Border stories … thoughts on refugees

DSC_0942Can I be blunt?

I usually try to finesse words, make a little romance, ask the syllables to play nicely together in straight and pretty lines for a quaint bedtime tale.  But, tonight, there is tear gas, and babies are crying, and people are sleeping in the open. There are living, breathing humans who will soon be picking their way through kilometers of undetonated land mines into Croatia. There is a dad with two kids who walked on a broken ankle with a tiny hand in each of his to reach a gate before it closed.

And for what? Why? What is the moral of this story?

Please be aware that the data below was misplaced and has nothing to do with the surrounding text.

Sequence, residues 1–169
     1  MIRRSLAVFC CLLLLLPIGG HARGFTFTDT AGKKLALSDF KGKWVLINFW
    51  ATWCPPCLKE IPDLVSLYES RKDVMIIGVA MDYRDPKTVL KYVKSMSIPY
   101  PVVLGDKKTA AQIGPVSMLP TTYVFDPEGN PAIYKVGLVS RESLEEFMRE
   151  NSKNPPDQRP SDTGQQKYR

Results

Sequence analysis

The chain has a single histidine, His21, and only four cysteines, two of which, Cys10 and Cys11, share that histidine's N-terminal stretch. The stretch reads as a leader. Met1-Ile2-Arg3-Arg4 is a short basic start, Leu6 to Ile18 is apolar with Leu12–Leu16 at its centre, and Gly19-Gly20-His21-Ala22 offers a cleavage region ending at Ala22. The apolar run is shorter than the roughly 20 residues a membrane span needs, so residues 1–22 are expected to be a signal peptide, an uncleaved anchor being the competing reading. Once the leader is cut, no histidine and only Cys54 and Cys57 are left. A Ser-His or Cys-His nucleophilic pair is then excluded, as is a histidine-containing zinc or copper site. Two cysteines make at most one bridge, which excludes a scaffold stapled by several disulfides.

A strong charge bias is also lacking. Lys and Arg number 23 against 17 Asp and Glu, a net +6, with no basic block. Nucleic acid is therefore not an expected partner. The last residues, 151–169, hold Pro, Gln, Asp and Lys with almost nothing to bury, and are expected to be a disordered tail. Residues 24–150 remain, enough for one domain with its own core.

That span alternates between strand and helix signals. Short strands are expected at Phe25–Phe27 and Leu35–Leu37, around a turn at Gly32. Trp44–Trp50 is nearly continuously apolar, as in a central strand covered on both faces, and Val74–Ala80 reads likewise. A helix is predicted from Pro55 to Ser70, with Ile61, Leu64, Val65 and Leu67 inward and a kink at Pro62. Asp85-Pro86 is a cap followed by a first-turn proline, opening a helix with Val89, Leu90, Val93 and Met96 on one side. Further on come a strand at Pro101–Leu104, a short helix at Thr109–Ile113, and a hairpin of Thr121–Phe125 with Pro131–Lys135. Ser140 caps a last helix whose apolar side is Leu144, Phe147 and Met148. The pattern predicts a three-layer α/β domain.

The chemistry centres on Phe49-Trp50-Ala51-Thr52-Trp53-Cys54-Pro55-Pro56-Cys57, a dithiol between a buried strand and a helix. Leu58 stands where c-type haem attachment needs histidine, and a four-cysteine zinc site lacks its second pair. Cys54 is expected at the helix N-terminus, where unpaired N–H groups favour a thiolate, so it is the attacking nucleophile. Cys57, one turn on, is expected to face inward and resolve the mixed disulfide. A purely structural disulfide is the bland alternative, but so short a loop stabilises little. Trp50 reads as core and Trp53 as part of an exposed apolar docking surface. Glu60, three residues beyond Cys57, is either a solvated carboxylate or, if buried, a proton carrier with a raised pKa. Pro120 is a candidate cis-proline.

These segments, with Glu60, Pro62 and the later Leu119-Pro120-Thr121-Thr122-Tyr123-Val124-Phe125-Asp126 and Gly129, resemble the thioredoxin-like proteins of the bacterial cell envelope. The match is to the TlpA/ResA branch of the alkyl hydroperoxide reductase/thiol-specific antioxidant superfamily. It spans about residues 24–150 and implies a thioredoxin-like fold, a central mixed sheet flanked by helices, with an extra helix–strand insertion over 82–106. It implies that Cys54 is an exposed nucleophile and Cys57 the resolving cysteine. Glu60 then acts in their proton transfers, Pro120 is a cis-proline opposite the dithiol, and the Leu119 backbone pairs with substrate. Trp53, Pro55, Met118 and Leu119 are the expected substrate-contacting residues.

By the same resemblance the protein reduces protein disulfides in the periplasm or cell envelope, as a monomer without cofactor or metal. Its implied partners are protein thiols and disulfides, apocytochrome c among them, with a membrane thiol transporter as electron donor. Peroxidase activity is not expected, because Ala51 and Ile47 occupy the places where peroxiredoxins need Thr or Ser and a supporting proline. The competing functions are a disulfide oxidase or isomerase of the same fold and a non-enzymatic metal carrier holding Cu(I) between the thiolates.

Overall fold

There are so many theories out there about why the Middle Eastern world is leaving homes and uprooting families to make a terrifying journey to Europe: Economic. Religious. Extremism. War. Prophecy. We all have our theories and our fears.

But, Christians, we can take all of those and file them in a folder called ‘another story’.

The rest of this post is for the Jesus people. If you do not identify in that way, then you are welcome to keep reading, but understand that you are not the intended audience.

You see, we Christians have a little problem on our hands – a little family issue that we need to sort through.

It turns out, that our God actually does answer prayer.

And, right now, that is a problem for us. Sometimes the family chafes at how God scripts his answers. Oh, we would never say it that way, but when you push down through legitimate fears about ISIS and jihad, and all the rest of the rhetoric, we Christians are left with one very basic question.